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Bluff, bloodshed... In the Senate, behind the scenes of a week of negotiations on immigration

If the main staircase was not covered with a thick red and gold carpet, those who walked on it would have heard, that evening, the angry footsteps of Gérald Darmanin knocking against the stone.

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Bluff, bloodshed... In the Senate, behind the scenes of a week of negotiations on immigration

If the main staircase was not covered with a thick red and gold carpet, those who walked on it would have heard, that evening, the angry footsteps of Gérald Darmanin knocking against the stone. “When we have a deal, we don’t try to make people believe that we have won!”, the Minister of the Interior loses his temper in front of a Les Républicains (LR) senator. And what’s more, he adds more during the session, frankly!” The reason for his wrath? A very offensive speech from Bruno Retailleau, a few minutes earlier.

Last Wednesday, as the debates on the famous article 3 of the immigration bill, which provides for the regularization of illegal workers in so-called “shortage” professions, were coming to an end, the Hemicycle witnessed a full-blown attack. “Mr. Minister, you are not short of air! I know that in politics, chutzpah is often a quality. You want to make people believe that the system proposed by the senatorial majority is the equivalent of the one you proposed. Nay!, says the boss of the LR senators. Your system involved tens of thousands of regularizations, ours is much more quantifiable.”

Stung, Gérald Darmanin waits a moment. Before replying, a little tight smile on his lips: “Don’t let people believe, Mr. Retailleau, that you really wanted the article you submitted, otherwise we wouldn’t have had this whole story!”

This “story” is that of the long negotiations which disrupted the usual calm of the Palais du Luxembourg throughout the week, between Les Républicains of Bruno Retailleau and their centrist allies, led by Hervé Marseille. The former wish to delete article 3 at all costs, the latter adamantly holding on to it. Point of forehead against forehead, that's not the style of the house. However, this divergence worried even the President of the Upper House, Gérard Larcher, anxious to avoid the fracture of the senatorial majority. Finally, after many meetings in the shadows of the Hemicycle, the negotiations led to a consensus between the LR and the centrist Union (UC), last Tuesday.

“Everyone put water in their wine,” remembers Hervé Marseille. Until agreeing on the deletion of article 3 and on the writing of a new article “4 bis” which provides for the tightening of the criteria of the Valls circular (read page 4). “Everyone is involved in victory,” continues Hervé Marseille. The Republicans can boast of having strengthened the text and we obtained the legislative provisions to regulate the regularization of workers. As for the minister, he smiles, “he arrived in a minefield and can leave hopping”. Now everyone can breathe a little.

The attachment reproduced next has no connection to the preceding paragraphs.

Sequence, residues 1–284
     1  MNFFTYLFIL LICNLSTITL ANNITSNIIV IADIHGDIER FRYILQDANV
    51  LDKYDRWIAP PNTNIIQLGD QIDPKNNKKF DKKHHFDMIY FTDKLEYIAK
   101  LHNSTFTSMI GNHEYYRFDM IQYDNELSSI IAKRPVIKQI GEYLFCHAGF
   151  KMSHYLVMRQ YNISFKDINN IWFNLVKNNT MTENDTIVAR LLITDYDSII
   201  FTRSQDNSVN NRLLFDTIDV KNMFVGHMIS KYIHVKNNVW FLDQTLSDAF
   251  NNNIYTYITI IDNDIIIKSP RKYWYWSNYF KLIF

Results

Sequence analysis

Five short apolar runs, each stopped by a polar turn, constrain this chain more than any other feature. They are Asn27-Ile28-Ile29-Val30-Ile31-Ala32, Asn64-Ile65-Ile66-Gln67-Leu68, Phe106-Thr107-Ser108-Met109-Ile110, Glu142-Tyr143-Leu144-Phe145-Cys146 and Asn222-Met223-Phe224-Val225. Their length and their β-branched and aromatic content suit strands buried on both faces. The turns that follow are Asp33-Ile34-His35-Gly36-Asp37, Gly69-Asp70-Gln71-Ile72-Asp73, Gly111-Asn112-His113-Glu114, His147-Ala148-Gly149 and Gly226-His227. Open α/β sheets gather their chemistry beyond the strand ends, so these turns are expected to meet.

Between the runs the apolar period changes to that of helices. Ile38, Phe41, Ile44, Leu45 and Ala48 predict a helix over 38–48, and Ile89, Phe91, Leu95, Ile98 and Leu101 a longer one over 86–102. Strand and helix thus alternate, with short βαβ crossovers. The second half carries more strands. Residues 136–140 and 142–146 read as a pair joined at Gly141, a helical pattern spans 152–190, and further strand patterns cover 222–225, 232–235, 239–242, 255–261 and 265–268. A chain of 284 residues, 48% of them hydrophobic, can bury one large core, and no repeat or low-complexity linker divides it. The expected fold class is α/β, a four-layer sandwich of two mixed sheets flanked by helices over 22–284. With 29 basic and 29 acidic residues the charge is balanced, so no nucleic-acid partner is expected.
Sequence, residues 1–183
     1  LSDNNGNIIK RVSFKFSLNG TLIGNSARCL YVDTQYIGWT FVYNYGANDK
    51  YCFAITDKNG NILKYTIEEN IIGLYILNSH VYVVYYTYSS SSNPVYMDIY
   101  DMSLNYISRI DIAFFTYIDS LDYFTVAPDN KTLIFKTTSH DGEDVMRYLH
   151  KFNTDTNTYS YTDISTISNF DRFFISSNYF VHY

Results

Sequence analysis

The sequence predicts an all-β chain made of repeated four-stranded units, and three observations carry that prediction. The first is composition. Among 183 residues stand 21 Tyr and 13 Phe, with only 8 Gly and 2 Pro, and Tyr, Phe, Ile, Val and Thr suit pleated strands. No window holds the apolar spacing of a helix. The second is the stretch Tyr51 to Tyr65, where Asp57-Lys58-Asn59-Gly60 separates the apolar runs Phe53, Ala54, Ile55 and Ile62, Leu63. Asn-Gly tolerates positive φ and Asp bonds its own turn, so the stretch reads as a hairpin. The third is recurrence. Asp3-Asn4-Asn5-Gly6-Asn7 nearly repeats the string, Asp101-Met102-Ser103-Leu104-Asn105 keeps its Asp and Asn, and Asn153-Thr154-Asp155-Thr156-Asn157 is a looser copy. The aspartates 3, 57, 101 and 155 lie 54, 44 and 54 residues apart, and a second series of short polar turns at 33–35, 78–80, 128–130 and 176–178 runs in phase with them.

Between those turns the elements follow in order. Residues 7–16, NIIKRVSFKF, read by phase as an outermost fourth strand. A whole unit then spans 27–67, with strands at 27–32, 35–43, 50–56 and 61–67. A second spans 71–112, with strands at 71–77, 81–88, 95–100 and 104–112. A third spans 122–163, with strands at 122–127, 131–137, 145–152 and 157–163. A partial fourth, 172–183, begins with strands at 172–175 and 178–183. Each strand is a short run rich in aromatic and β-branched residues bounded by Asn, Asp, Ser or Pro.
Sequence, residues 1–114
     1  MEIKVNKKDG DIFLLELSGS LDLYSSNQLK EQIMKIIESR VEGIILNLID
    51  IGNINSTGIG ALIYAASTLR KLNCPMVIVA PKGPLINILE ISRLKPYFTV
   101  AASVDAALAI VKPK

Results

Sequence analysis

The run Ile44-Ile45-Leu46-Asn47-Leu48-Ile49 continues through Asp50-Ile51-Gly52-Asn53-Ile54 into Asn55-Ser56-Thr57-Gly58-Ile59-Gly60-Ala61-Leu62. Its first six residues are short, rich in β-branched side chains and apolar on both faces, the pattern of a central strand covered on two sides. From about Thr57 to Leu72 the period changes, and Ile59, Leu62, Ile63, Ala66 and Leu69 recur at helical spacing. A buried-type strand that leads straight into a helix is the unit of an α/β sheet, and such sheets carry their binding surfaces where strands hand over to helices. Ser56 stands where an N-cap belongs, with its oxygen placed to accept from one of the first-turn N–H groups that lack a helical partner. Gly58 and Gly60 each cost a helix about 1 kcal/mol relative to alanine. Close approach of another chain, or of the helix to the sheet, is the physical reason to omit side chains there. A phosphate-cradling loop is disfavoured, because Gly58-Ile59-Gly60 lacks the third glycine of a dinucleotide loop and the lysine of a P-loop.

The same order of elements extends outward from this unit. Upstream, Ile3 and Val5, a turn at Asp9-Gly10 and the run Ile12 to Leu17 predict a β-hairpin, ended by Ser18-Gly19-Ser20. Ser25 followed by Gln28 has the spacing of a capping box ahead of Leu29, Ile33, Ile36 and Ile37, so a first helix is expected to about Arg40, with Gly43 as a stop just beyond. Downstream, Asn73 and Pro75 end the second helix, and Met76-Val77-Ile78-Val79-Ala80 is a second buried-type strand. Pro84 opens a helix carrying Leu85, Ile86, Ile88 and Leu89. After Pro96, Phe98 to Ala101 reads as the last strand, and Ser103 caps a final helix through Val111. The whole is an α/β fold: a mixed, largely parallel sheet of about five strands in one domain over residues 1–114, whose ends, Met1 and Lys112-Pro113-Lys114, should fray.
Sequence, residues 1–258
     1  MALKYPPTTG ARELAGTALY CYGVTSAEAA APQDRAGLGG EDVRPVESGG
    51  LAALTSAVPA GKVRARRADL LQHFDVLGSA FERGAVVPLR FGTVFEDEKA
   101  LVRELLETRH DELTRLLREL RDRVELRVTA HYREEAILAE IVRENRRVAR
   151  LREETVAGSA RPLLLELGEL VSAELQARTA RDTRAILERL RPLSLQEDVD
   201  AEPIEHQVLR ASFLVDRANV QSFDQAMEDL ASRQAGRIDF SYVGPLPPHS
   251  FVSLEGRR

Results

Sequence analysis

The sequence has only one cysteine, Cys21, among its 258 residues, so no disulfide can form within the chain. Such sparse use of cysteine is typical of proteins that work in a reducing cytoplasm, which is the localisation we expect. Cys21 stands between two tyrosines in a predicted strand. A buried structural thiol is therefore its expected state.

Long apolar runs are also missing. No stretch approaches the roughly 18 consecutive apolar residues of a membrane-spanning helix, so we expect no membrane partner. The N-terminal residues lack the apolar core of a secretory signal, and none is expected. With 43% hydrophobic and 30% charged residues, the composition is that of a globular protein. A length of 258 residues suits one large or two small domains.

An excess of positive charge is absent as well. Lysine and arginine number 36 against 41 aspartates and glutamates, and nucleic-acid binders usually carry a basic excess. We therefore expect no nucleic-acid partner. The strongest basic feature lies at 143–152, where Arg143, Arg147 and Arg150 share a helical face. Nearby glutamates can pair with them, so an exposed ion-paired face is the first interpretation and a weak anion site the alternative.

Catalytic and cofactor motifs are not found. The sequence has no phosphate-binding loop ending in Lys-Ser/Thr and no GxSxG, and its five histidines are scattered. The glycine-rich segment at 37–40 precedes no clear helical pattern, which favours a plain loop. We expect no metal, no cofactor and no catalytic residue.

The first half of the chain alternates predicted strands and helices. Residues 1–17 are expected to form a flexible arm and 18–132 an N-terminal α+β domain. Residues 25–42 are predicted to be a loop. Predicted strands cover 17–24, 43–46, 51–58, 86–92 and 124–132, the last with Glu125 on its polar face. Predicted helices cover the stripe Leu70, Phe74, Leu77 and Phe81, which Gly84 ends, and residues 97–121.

Also read Pierre Brochand (ex-DGSE): “Regularizing illegal immigrants in professions under pressure means starting an inexhaustible pump

“Things are better today,” whispers Senator LR François-Noël Buffet, president of the law committee. It must be said that in recent days, Bruno Retailleau was facing pressure from all sides. First, because Gérald Larcher, who absolutely wanted a text to be adopted in the Senate, was in favor of an agreement. Then, because Gérald Darmanin has increased the number of interviews with LR senators in recent weeks, seeking to convince them that a compromise was possible. “His teams work hard to get guys. He distributes the goodies: staff, police stations, small Legions of Honor, small services like that…” says a parliamentary advisor from Les Républicains.

Also read: Guillaume Tabard: “LR places the government at the back of the wall”

“Gifts” that, on the Beauvau side, we do not confirm. While brushing aside: “he does politics like everyone else.” It was hardly rare to see the minister's parliamentary advisor, Grégory Canal, trampling around the conference room and circling around the parliamentarians from the center and... the right. “When will I receive a call from the minister?”, cowardly, ironic, this senator LR, a little teasing smile on her lips. “There is a principle of reality,” confides to Le Figaro Gérald Darmanin. It was obvious, knowing that we had convinced Hervé Marseille and part of the Republicans, that there would be a compromise which would not be humiliating for anyone.

Tuesday morning, at an LR group meeting, Bruno Retailleau explains to his troops the terms of the agreement that could be concluded with the centrists. For two hours, the senators discuss. “We had to make his friends swallow that,” jokes a centrist. After climbing the towers, he had to land.” Bruno Retailleau remembers: “In our ranks, there were two clear lines: those who did not want to vote for anything and those who wanted us to come out with a text. I very quickly felt, by expressing a demanding line, that everyone was rallying around it. A solid consensus was reached. That was a win for the group. Afterwards, our centrist allies had to follow suit.”